Ethics Consultations Curbside and Elsewhere
Physicians in private practice settings, and often in hospital settings as well, do not go far to seek consultation for their ethical concerns. It is typical, especially in small communities where there are few physicians and no bioethicists, that a phone call or a hallway chat with a colleague, usually in the same practice, is deemed sufficient to make an ethically sound decision.
Do they know the right questions to ask?
The Center for Practical Bioethics has long recommended interdisciplinary ethics consultation teams/committees because the conversation allows a diversity of perspectives. Among physicians who practice together, as with most professional groups, there develops a culture of practice that may effectively limit the questions they ask about treatment decisions.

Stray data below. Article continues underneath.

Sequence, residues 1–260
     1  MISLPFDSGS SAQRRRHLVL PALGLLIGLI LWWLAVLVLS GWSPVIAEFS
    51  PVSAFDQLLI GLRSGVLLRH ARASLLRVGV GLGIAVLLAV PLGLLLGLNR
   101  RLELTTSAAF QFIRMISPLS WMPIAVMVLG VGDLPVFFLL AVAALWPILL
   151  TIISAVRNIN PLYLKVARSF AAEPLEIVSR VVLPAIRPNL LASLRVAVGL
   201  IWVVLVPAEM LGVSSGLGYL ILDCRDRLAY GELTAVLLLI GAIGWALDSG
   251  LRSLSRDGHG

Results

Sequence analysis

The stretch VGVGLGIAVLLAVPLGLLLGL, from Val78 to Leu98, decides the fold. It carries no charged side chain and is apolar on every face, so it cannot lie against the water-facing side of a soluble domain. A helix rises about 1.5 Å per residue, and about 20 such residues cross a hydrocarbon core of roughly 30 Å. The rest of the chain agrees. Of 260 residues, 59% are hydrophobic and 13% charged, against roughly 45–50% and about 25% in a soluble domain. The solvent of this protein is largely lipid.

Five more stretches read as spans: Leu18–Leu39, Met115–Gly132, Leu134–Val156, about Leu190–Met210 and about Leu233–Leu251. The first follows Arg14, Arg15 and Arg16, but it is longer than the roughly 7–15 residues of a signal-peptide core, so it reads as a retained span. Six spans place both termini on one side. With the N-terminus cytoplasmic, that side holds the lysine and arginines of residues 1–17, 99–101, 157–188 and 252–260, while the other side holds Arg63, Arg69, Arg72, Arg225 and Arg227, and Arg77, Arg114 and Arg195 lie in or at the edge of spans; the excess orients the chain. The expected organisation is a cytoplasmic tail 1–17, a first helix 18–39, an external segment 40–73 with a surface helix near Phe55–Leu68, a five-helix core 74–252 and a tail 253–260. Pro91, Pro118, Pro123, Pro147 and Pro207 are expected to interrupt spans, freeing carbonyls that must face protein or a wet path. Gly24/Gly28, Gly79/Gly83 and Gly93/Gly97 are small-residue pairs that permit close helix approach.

It’s as true in healthcare ethics as it is in any part of life: If I have an ethical concern or, at least, some uncertainty about a treatment, I will do best to include in the consultation someone who is willing to tell me I am, simply, wrongheaded, rather than merely helping me justify an action I have already decided I want to take.
Link: Consultations on ethics are not limited to the curbside, American Medical News, September 20, 2010